One of our favourite quick-and-easy midweek meals is a stir fry. It takes just minutes to prepare and can be super tasty with the right sauce and ingredients.
But, while packet sauces and a bag of ready chopped vegetables is fast and somewhat hearty it can sometimes taste lacklustre.
And, if it’s one of your family’s favourite meals they’ll be impressed if you manage to up the flavour, boost the crunch and turn out an altogether improved stir fry.
So, where do you start?
Well, here at the Daily Star, we spoke to a number of top chefs and food innovators to find out how we can make a cracking stir fry that exceeds expectations.
Mark Hartstone, chef proprietor at La Fosse at Cranborne, told us: “Stir fries are a great way of using parts of vegetables such as broccoli stalks that often get thrown away.
“Do not buy ready mixed cut vegetable bags. They’re expensive for what you actually get, and does not permit cooking the vegetables in the correct order.
“For sweet and sour use lesser cuts of meat such as chicken thighs or slow cooked pork belly. As the acidity of the sauce cuts through the richness of the meat.”
While, Andrew Johnstone, Innovation Development Chef at Asda, insisted that your tools made a big difference and explained the order in which you should add you vegetables.
Check out his advice below:
Have the correct pan or wok
Ensuring you have a large enough wok or frying pan is a stir fry must!
This gives all your ingredients enough space to fry and caramelise easily.
If your pan or wok is too small, you run the risk of vegetables overcrowding and steaming instead of crisping and frying.
Cut your vegetables strategically
Slice, dice, and chop your vegetables into approximately the same size so they cook in the same amount of time.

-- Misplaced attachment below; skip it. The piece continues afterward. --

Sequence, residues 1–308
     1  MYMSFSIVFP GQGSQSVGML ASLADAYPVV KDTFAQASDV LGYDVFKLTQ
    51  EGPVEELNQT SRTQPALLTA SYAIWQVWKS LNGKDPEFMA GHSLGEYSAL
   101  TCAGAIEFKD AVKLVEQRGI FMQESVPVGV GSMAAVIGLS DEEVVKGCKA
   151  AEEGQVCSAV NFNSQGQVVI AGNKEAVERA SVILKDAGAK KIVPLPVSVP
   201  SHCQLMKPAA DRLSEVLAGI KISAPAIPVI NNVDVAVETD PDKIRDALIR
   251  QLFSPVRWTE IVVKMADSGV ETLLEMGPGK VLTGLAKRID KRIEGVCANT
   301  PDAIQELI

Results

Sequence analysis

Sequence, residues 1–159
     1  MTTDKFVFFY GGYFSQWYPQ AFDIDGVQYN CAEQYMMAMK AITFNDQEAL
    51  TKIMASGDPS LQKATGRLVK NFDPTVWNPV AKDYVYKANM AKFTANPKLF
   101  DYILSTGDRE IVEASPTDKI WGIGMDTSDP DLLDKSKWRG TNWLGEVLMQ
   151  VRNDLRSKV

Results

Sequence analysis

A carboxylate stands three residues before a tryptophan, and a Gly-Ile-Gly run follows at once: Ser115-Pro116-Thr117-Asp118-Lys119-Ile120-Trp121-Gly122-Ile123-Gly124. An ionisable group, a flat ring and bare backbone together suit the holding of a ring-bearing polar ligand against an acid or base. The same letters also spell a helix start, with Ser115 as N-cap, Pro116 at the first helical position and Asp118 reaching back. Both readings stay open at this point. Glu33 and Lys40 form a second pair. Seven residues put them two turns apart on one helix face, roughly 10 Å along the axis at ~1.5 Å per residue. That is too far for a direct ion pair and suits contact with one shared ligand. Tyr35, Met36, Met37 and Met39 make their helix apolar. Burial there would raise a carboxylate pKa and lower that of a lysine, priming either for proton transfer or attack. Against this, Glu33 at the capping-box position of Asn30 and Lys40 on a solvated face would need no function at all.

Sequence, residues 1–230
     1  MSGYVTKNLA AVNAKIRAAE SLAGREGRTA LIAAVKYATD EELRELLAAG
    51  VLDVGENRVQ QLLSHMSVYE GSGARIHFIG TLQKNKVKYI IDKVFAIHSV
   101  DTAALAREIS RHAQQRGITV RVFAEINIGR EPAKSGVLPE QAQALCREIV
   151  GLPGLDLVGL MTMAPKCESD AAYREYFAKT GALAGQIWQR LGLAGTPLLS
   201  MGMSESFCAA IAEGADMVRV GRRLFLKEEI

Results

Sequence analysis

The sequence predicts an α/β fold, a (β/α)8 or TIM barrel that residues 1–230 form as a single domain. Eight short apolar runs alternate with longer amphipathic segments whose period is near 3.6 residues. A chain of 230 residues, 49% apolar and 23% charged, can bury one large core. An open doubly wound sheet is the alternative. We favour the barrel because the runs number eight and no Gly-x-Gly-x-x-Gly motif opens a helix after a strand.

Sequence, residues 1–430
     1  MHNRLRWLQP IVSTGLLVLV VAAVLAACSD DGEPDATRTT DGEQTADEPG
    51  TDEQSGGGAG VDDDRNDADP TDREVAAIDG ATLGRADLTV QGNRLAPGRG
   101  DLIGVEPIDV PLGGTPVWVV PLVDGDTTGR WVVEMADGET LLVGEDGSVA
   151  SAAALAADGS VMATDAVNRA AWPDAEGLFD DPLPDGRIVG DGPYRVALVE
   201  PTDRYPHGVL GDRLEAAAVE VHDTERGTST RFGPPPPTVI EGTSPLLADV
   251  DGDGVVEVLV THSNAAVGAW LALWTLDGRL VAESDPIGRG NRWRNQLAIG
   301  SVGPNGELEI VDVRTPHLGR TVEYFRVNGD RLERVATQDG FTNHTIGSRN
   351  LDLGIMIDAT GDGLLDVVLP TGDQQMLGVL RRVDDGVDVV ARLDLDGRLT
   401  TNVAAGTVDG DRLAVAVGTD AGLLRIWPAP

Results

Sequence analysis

This is important if you’re cooking harder vegetables like carrots.
Or cut these tougher vegetables smaller than the softer ones so you can throw them all in at the same time.
Prepare everything before you heat up your wok
Chefs call it mise-en-place, meaning you have all your ingredients washed, dried, and chopped — and all in place for the cooking to begin.
Heat your pan before putting the oil in
When you drizzle cold oil to a hot wok, it prevents sticking.
You can tell the pan is hot enough by sprinkling a few droplets of water into the wok. When it sizzles and evaporates almost immediately, your pan is ready to be oiled.
This helps meat separate from the pan better after searing, helping to retain flavour, colour & texture.
Add your vegetables in order
Like tasting wines from red to white, go hard to soft in the order you toss in your vegetables.
Carrots and cauliflower florets go into the wok before beans sprouts, spinach, and other softer vegetables.
Our favourite tip here at the Daily Star? Cook your noodles separately and then rinse with cold water until cool.
Coat them in a small amount of oil before adding to the stir fry pan and they’ll crisp up slightly just like at the Chinese takeaway.
What’s your favourite cooking tip? Tell us in the comments…